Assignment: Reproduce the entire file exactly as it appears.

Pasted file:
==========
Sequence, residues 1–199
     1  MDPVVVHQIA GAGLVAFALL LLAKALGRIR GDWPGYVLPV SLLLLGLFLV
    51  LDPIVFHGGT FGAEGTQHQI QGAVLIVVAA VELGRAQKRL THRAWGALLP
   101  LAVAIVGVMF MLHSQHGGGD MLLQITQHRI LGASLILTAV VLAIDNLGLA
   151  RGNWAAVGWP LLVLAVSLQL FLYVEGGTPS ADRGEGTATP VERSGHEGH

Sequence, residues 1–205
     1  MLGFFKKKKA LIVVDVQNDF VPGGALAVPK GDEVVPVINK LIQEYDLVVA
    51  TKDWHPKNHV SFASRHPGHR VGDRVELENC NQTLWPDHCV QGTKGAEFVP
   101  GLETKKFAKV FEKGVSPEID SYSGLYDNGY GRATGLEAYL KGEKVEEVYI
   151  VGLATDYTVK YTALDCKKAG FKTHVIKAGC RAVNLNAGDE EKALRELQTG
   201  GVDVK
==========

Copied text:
Sequence, residues 1–199
     1  MDPVVVHQIA GAGLVAFALL LLAKALGRIR GDWPGYVLPV SLLLLGLFLV
    51  LDPIVFHGGT FGAEGTQHQI QGAVLIVVAA VELGRAQKRL THRAWGALLP
   101  LAVAIVGVMF MLHSQHGGGD MLLQITQHRI LGASLILTAV VLAIDNLGLA
   151  RGNWAAVGWP LLVLAVSLQL FLYVEGGTPS ADRGEGTATP VERSGHEGH

Sequence, residues 1–205
     1  MLGFFKKKKA LIVVDVQNDF VPGGALAVPK GDEVVPVINK LIQEYDLVVA
    51  TKDWHPKNHV SFASRHPGHR VGDRVELENC NQTLWPDHCV QGTKGAEFVP
   101  GLETKKFAKV FEKGVSPEID SYSGLYDNGY GRATGLEAYL KGEKVEEVYI
   151  VGLATDYTVK YTALDCKKAG FKTHVIKAGC RAVNLNAGDE EKALRELQTG
   201  GVDVK